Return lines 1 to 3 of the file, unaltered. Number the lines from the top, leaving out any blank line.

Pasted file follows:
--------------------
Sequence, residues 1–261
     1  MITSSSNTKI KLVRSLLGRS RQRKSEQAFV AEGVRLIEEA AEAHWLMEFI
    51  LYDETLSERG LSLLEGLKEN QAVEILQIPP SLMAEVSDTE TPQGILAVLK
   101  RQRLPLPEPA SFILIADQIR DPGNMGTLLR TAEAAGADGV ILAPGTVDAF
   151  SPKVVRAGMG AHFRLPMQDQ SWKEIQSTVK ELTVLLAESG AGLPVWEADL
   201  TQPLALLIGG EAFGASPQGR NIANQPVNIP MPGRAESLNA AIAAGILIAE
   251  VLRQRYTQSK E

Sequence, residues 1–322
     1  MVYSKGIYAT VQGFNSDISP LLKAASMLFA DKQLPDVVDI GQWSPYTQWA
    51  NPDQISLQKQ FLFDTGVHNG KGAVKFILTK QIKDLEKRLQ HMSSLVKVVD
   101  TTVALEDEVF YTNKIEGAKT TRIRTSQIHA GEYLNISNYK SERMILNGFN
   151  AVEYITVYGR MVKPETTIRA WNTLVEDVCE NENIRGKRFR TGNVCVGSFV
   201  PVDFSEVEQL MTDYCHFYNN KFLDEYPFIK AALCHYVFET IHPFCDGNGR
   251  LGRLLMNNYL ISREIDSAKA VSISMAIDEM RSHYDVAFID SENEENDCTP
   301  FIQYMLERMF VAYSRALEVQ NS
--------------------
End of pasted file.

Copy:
Sequence, residues 1–261
     1  MITSSSNTKI KLVRSLLGRS RQRKSEQAFV AEGVRLIEEA AEAHWLMEFI
    51  LYDETLSERG LSLLEGLKEN QAVEILQIPP SLMAEVSDTE TPQGILAVLK